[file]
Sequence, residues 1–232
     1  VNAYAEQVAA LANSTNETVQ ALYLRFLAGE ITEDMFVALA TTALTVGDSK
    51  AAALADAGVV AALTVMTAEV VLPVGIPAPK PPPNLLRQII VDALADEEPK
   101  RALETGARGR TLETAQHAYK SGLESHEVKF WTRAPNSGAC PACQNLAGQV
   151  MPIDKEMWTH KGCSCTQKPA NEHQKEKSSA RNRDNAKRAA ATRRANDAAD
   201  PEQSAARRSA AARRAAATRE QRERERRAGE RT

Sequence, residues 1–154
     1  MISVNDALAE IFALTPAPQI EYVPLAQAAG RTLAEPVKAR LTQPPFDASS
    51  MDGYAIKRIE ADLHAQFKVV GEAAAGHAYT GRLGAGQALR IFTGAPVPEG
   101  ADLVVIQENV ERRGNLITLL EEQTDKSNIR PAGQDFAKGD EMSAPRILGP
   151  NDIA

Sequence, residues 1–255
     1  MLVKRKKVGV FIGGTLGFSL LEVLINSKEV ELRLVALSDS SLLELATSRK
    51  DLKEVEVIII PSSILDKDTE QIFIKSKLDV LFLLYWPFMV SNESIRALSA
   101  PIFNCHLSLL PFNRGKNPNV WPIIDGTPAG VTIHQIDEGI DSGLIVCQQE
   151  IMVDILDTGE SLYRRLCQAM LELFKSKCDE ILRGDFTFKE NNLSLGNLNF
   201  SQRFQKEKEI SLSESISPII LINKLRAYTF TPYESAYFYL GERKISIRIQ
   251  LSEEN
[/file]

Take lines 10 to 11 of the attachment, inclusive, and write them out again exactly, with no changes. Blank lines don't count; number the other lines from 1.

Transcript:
   101  ADLVVIQENV ERRGNLITLL EEQTDKSNIR PAGQDFAKGD EMSAPRILGP
   151  NDIA